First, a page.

Optimized TI structure for solar wall applications

Fig. 1 shows a sketch and a fotograph of optimized small-celled TI structures based on polymer films. The structures, which consist of a continuously produced small-celled lamella based on a flat film joined to a corrugated film are either stapled or manufactured in the form of rolled structures. Due to the use of high-quality films structural defects on the surface and within the TI structure were avoided. Based on investigations of more than 20 different polymer film types [2, 3], cellulose acetate films (CA and CTA) were identified as outstanding polymer materials for TI wall applications. Using 30 pm thick cellulose acetate films small-celled lamellae with widths between 100 and 135 mm and a heigth of 5 mm were produced. The material fraction of the lamellae and the stapled or rolled structures thereof were about 1.5 v%. For a 100 mm thick stapled structure a hemispherical solar transmittance of 0.80 and a heat conductance 0.85 W/(m2K) were measured. For 135 mm thick structures, which were used for the application demonstration object, an hemispherical solar transmittance of 0.74 and an heat conductance of 0.74 W/(m2K) were calculated using the program GWERT [5] and polymer film properties as input data [2,3]. The remarkable performance property profile of cellulose based materials for TI applications with maximum service temperatures of about 100°C is related to the high solar transmittance of CA films in combination with a high infrared absorptance due to a high density of functional carbon-oxygene single bonds within the molecular structure of CA. However, this high density of carbon oxygene functional groups results in a high moisture uptake of cellulose based materials. For the fully substituted cellulose triacetate (CTA) the maximum moisture uptake is about 3 m%.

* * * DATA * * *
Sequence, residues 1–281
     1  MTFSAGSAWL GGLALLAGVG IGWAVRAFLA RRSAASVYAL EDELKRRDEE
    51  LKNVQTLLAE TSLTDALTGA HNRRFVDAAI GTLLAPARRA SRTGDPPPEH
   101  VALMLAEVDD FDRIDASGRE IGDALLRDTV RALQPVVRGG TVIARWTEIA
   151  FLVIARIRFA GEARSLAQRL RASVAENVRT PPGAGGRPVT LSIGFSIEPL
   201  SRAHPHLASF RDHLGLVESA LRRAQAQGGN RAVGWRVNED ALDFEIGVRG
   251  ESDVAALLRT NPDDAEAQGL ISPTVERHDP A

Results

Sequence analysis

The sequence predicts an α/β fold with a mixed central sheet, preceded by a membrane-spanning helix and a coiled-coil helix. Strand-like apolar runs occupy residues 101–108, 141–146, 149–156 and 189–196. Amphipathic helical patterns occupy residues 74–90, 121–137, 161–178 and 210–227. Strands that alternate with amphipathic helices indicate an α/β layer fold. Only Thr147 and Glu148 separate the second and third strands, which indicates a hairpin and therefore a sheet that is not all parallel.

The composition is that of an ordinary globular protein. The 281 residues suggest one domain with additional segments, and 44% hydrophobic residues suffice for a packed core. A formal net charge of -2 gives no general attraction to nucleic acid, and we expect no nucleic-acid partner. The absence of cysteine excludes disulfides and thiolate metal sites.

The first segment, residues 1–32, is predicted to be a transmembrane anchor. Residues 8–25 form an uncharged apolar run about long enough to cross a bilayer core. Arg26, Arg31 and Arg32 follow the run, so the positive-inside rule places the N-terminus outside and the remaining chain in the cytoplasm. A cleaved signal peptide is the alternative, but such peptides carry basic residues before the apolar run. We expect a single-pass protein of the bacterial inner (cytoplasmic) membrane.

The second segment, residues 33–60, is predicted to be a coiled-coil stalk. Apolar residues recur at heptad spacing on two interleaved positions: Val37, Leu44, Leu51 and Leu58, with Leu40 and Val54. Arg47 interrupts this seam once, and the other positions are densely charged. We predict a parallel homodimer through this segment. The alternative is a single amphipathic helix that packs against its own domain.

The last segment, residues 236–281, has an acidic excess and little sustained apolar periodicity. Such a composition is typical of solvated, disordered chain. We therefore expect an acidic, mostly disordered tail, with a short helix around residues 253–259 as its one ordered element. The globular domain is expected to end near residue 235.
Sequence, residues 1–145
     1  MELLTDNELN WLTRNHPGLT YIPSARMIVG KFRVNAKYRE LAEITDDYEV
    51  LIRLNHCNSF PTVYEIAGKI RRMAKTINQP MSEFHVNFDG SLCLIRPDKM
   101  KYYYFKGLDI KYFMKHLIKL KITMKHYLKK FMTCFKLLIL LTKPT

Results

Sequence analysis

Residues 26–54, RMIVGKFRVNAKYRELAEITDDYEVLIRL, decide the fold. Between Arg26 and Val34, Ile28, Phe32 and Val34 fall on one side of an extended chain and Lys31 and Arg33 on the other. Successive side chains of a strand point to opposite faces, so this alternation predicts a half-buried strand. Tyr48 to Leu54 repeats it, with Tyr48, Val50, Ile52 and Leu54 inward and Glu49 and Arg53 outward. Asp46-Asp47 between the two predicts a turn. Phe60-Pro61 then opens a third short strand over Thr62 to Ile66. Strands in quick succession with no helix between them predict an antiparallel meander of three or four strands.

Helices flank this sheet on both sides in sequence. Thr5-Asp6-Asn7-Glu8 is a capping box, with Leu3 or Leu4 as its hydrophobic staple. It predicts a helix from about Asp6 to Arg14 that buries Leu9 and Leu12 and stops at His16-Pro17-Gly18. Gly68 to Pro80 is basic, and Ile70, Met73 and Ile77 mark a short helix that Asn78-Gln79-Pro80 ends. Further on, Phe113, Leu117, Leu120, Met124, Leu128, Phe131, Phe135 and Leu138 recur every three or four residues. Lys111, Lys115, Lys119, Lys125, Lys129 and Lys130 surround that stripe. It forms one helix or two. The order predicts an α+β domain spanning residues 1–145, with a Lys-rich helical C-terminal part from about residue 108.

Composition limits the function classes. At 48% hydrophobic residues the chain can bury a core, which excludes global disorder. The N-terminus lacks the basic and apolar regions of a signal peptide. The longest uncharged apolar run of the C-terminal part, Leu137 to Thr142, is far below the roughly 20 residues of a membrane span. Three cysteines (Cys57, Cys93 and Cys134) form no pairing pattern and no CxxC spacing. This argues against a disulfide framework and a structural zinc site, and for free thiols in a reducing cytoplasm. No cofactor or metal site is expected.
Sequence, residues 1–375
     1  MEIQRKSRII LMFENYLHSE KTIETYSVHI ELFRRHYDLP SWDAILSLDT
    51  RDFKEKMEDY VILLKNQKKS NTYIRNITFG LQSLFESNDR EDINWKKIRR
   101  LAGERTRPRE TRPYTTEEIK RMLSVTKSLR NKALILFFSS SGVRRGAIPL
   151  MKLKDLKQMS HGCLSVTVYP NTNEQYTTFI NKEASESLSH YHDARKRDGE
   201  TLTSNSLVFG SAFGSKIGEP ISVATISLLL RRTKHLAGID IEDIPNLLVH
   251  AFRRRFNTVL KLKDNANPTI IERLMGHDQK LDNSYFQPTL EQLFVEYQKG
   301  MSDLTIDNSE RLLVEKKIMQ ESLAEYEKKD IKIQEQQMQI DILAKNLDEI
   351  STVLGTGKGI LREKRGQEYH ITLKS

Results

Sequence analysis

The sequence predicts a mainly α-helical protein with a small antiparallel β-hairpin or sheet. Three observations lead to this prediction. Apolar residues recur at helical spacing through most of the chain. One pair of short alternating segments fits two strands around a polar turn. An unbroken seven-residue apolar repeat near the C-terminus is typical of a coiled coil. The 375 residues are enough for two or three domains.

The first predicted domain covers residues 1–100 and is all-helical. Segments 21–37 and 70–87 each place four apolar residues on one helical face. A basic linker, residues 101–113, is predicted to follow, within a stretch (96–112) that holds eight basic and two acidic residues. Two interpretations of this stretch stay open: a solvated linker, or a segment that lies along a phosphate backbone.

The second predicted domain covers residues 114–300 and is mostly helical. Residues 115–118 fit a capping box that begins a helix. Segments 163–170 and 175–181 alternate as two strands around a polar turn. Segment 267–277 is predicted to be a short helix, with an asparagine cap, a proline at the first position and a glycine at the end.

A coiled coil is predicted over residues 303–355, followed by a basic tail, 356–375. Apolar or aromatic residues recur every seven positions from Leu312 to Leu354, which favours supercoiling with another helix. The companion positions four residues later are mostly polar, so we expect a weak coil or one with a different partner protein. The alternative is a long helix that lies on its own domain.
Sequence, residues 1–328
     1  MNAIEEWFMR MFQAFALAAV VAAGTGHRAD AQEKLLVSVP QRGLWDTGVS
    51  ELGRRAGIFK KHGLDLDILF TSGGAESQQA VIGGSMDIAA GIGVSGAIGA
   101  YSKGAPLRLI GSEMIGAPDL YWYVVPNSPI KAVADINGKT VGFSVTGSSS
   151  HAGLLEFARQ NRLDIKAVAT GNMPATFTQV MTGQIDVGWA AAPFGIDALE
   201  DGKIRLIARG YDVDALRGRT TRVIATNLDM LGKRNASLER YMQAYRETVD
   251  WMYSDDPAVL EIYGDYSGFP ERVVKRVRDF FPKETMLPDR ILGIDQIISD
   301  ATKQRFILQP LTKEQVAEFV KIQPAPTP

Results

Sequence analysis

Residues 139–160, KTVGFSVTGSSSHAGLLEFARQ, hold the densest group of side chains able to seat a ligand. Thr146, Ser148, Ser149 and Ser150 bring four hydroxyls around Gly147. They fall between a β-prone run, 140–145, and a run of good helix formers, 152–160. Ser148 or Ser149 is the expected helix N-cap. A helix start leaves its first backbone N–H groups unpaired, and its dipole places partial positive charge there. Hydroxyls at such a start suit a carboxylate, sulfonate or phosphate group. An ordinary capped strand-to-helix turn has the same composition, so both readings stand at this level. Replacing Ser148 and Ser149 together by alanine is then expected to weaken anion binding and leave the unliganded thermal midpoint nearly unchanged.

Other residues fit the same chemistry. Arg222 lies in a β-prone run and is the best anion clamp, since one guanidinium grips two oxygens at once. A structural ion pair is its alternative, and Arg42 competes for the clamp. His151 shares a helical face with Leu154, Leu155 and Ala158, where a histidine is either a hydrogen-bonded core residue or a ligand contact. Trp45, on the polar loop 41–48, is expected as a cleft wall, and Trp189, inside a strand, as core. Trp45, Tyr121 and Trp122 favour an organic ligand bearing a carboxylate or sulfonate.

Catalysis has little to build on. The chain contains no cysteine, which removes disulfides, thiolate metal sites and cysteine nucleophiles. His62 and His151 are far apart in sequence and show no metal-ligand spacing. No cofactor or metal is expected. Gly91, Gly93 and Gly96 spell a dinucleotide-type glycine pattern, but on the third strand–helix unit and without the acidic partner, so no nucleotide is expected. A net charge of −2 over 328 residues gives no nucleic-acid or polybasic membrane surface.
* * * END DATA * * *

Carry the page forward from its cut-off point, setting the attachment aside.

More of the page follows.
Fig. 1. Stapled and rolled small-celled structures based on polymer films

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